UK & World News
Costa Concordia Completes Its Final Journey
The Costa Concordia has completed its final journey, after being towed into the Italian port of Genoa to be broken up and scrapped.
The cruise liner, around twice the size of the Titanic, struck rocks and capsized in January 2012 with more than 4,000 people on board.
The tragedy claimed 32 lives.
The damaged hull had been towed from the disaster site off the Tuscan island of Giglio to the northern port after a four-day, 175 mile (280km) journey.
The salvage operation, the biggest ever attempted, is expected to cost in the region of $2bn (£1.17bn).
"We can finally breathe a sigh of relief," Italy's environment minister Gian Luca Galletti said.
There were fears the damaged hull would break up under the strain and spill toxic waste into Europe's biggest marine sanctuary, but these were unfounded.
The 114,500-tonne liner arrived overnight and weighed anchor around two nautical miles (3.6 miles) off shore.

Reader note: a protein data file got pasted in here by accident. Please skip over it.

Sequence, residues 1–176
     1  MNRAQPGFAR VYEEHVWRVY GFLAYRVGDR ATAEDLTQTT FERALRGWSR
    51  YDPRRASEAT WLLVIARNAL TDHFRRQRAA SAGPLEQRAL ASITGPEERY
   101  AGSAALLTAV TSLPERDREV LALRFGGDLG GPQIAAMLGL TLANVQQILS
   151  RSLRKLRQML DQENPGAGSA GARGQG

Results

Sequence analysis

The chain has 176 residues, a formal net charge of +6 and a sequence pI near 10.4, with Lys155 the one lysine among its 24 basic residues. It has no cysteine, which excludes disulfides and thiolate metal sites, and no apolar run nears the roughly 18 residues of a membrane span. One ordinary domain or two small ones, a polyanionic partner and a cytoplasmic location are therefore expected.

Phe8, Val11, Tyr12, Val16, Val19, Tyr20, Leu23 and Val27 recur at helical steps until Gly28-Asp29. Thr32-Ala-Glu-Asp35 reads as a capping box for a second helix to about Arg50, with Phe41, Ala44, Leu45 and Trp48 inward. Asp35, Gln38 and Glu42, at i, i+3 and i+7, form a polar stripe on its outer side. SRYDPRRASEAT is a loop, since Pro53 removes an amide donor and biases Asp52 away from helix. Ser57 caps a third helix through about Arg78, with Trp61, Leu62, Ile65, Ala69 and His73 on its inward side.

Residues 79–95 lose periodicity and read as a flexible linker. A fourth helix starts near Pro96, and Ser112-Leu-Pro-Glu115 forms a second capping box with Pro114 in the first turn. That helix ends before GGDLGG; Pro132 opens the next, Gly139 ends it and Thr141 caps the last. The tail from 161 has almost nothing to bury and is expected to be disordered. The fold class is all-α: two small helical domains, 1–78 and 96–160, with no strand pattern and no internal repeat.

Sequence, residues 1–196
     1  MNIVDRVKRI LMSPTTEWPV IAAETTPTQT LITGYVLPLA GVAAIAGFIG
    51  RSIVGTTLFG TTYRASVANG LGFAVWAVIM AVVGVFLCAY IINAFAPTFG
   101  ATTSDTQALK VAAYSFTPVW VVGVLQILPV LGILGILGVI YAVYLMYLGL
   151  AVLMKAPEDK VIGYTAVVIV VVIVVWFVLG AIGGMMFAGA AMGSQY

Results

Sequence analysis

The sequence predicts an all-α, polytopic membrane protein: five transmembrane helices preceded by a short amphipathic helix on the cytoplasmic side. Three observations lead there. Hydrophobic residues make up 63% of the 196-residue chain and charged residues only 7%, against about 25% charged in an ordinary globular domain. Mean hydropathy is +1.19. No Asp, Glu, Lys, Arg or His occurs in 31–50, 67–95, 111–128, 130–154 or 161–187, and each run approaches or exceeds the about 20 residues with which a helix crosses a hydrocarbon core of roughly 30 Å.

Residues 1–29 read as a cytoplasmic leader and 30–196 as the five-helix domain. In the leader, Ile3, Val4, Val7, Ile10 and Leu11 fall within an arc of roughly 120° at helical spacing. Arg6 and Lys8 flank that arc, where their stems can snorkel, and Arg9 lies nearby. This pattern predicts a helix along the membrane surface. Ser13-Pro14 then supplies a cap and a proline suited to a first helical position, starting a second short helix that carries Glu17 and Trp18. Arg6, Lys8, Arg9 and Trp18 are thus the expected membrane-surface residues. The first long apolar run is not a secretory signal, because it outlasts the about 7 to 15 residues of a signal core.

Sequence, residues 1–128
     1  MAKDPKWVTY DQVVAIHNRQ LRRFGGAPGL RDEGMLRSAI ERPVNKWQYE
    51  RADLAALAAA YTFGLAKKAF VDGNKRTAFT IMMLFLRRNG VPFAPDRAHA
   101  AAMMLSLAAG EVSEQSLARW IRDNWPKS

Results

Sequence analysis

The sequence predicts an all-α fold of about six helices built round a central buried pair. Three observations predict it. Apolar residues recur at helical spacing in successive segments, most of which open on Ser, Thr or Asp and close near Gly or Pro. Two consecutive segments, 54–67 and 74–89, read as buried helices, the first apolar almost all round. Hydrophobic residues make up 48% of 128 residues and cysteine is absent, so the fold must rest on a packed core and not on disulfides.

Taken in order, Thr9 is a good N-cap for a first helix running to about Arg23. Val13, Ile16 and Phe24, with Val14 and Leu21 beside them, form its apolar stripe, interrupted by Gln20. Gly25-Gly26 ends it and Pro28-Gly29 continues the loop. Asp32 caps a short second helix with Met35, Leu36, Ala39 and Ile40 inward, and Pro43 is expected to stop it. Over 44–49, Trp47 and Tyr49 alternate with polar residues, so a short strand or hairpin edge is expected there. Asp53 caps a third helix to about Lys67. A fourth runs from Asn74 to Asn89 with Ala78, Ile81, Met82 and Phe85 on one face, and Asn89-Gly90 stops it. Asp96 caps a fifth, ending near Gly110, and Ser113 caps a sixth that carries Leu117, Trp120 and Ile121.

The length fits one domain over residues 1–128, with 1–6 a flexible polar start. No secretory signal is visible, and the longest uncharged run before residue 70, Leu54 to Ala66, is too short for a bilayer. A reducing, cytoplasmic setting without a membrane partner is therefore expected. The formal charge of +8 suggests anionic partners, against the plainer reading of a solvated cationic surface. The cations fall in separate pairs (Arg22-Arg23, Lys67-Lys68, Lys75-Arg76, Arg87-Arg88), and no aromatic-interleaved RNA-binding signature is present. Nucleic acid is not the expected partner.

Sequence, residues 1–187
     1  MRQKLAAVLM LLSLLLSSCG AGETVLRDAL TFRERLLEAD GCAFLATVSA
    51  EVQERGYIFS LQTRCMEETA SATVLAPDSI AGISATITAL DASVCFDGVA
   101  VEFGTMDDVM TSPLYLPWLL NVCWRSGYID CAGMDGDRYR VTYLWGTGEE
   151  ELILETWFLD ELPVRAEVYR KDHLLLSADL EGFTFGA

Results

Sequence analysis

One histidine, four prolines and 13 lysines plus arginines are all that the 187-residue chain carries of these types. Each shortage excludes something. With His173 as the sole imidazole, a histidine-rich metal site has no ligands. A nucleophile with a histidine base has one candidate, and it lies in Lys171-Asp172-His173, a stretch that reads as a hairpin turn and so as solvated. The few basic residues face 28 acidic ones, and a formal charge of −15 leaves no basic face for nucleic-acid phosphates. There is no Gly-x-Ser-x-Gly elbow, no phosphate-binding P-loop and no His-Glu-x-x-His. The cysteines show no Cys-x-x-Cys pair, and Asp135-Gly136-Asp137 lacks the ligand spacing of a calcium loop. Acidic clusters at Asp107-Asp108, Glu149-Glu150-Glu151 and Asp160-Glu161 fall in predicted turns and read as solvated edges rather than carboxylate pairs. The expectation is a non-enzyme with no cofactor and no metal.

Engineers then attached it to a number of tugboats, which manoeuvred into Voltri port at 11am UK time.
Curious locals gathered near the port on the outskirts of the city from first light to catch a glimpse of the battered ship.
The delicate operation of securing the ship is expected to be completed this afternoon.
Once the Costa Concordia is fastened in place, interior furnishings and fittings will be stripped out in order to make it light enough to tow into the scrapping area, where it will be split into three parts for dismantling.
More than 80% of it is expected to be recycled or reused.
Between 40,000 and 50,000 tonnes of steel will be melted down and reused for construction.
Undamaged copper wiring, plumbing, plastics, machinery and furniture will be recovered and sold on.
Any personal belongings recovered will be returned, while items such as the ship's piano, which was being played as the liner struck rocks, could end up in a museum.
Another task will be to search for the body of Indian waiter Russel Rebello, whose remains were never found and may have been trapped in a previously inaccessible part of the vessel.
The ship's captain, Francesco Schettino, is currently on trial for manslaughter, causing a shipwreck and abandoning the vessel before all passengers had evacuated.
The 53-year-old, who is fighting the charges, is accused of deliberately altering the course of the Concordia in order to carry out a sail-by salute of the island to impress local residents and passengers.